A couple of Druids planned the Stonehenge monument on a bar napkin at a New Years Eve party.

If staying “up-to-date” on next year is driving you crazy, you can stop. The really hard predicting work has already been done. That’s what Stonehenge was built for.

In our times, we don’t need huge monuments to the future. We know that when the old barn-picture calendar is replaced by a new puppy-picture calendar, it’s time to celebrate, declare what we will and won’t do (for the next 46 days or so), and insist to each other what will (definitely, most likely, possibly, maybe) happen next year.

Why the obsession with the near future? Because: a) we can’t stand not knowing; b) we can stand dreaming about it; and c) it’s easier to change tomorrow.

Before there was even the concept of a “2013”, a cave man sat on a hill one day thinking, “I wonder what’ll happen in the days after the sun rises between the peaks of those two mountains over there. In fact, that’ll a great time to quit smoking if I’m going to live my expected 42 years.”

If I wanted to get all Zen on you, I’d suggest that the “tomorrow” we hold in our minds says more about our now than about our future. And if you wanted to get all hedonistic on me, you’d forget I said that so it wouldn’t ruin your New Years Eve partying!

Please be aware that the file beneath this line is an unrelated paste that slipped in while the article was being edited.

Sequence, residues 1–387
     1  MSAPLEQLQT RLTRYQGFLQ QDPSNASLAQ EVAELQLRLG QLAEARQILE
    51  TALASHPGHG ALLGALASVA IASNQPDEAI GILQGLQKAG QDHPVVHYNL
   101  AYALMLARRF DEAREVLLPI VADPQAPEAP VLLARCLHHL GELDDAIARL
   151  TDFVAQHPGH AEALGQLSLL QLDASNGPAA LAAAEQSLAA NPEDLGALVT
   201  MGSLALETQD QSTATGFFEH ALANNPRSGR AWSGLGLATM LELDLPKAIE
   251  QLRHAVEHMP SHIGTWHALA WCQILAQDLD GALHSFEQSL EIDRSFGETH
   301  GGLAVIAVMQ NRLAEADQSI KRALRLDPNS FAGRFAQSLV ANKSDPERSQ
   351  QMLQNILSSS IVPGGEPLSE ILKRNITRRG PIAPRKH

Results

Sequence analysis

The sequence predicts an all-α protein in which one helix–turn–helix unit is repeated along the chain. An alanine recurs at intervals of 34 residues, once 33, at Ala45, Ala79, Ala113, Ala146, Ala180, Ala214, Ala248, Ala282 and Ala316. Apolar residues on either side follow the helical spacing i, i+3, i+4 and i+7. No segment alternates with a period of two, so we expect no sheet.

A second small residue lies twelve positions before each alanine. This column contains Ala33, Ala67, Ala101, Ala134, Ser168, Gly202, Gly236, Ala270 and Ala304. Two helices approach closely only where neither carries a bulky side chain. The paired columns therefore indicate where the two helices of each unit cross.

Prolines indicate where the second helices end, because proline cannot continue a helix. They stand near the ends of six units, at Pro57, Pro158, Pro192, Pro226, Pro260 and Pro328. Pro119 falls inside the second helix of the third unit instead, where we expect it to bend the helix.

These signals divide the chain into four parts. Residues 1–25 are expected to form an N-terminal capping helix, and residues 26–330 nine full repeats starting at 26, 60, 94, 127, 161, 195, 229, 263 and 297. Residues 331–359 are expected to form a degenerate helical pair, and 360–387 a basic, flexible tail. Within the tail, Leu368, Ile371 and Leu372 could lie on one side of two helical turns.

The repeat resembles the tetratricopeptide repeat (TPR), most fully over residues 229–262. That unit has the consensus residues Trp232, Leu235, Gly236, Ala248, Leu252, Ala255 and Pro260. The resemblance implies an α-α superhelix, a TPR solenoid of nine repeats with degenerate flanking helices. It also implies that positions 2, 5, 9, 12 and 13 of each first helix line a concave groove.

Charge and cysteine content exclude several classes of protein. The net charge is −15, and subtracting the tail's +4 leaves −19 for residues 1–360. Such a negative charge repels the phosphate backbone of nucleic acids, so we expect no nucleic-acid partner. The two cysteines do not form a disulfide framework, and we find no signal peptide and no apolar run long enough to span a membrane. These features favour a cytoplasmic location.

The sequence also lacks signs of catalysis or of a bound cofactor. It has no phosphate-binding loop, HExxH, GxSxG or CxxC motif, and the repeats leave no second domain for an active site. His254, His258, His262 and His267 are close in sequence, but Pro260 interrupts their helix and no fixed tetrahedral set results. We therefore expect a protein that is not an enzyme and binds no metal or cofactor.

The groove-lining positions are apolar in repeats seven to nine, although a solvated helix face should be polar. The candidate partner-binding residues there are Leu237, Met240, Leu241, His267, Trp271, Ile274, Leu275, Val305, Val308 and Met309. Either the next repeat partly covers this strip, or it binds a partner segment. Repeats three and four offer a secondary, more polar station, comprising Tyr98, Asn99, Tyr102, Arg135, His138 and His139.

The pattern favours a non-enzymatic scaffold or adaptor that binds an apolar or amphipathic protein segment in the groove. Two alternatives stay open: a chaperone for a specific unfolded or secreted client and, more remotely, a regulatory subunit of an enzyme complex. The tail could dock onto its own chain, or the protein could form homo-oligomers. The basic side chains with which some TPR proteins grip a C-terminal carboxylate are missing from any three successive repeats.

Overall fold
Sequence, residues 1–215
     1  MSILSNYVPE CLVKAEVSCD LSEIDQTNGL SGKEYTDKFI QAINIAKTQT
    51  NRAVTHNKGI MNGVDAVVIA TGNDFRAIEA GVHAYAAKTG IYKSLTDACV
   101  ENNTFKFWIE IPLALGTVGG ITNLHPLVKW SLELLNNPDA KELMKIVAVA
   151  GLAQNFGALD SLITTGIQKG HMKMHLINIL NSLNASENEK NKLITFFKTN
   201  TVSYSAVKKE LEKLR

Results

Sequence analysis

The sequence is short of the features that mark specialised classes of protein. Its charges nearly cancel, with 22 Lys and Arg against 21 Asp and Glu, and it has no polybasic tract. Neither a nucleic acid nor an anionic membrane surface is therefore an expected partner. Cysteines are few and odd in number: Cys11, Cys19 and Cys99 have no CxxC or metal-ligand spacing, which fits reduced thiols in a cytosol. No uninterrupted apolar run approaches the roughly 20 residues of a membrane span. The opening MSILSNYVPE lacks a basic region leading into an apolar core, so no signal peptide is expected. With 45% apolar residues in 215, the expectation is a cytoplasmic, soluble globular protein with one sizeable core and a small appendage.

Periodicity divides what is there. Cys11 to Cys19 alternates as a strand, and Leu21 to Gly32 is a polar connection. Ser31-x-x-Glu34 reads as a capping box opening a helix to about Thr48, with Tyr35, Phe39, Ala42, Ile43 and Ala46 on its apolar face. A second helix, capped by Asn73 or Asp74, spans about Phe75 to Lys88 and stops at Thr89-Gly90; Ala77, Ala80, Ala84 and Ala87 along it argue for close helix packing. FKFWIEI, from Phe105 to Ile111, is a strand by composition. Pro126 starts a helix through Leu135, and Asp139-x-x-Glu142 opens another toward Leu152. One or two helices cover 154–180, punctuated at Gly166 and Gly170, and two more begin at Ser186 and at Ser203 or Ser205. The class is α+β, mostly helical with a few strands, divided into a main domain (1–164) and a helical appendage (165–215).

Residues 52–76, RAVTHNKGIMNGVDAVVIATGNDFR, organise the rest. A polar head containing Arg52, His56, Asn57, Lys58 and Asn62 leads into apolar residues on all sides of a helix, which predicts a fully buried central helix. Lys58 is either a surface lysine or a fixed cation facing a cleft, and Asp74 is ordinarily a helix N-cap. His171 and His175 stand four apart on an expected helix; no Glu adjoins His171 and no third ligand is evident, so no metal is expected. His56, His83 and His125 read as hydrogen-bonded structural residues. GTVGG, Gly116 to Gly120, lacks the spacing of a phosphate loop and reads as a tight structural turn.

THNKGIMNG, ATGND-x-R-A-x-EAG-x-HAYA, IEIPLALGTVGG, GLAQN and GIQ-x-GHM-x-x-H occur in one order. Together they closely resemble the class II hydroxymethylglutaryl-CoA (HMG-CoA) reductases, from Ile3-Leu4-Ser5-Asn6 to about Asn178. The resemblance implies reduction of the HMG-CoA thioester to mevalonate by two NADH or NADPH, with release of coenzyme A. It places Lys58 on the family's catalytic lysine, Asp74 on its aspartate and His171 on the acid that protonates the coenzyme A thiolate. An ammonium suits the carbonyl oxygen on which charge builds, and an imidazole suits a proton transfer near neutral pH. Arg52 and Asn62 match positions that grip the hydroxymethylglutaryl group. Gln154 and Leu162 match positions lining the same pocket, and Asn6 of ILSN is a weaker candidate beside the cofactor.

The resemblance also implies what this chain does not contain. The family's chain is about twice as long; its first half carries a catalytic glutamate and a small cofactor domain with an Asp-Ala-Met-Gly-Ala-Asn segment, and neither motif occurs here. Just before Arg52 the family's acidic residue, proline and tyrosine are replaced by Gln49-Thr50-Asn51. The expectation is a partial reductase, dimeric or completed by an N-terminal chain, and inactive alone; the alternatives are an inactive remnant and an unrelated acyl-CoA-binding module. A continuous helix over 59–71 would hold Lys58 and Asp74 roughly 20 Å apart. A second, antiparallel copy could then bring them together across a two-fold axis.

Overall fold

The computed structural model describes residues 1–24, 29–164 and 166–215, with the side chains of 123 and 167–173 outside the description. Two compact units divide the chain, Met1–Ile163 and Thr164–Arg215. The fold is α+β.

Happy New Year!

Now, here’s the cheese on this Brain Burger.

3 other reasons we’re obsessed with 2013 predictions:

  1. Our overworked worked modern psyches need to believe next year will be easier
  2. Our undernourished cave dweller psyches need to believe there will be food to eat
  3. Our discerning consumer psyches want to know if we should build an in-ground pool or learn how to build a survivalist log cabin with mud instead of logs
Chris Everheart is author of the thriller
THE LEAGUE OF DELPHI

Available Now
Read my author interview at Chompasaurus!
Categories: Ancient Egypt, History, The Ancient World, Uncategorized | Tags: , , , , , , , , , | Leave a comment

Illegally Teen

The puzzling theme in current YA literature – IT’S ILLEGAL TO BE A TEEN!

In a world

In a world hostile to hopes, dreams, and expectations, teen-hood seems “illegal.”

Sparked by an article in the Los Angeles Review of Books – “YA Fiction and the End of Boys,” where Sarah Mesle identifies what I call a “manhood deficit” in modern YA literature, I noted in my post “The Beginning of the End of Adulthood” a few weeks ago that when it comes to identity for boys and girls alike, it’s simply a terrible time to be a teen. But it’s bigger than that.

You don’t have to look too deep into modern youth books to see that teens face a world that is unsupportive at best and often downright hostile. YA protagonists are faced with absent, ineffectual, or harmful parents and adults, daily life in the margins, a society organized against their future wellbeing, and authority figures seeking to snuff out their spirits and their lives.

I can sum up the current literary sentiment toward teen identity with one word – “Illegal”.

The Hunger Games tournament punishes teens just for being.

The Hunger Games tournament punishes teens just for being.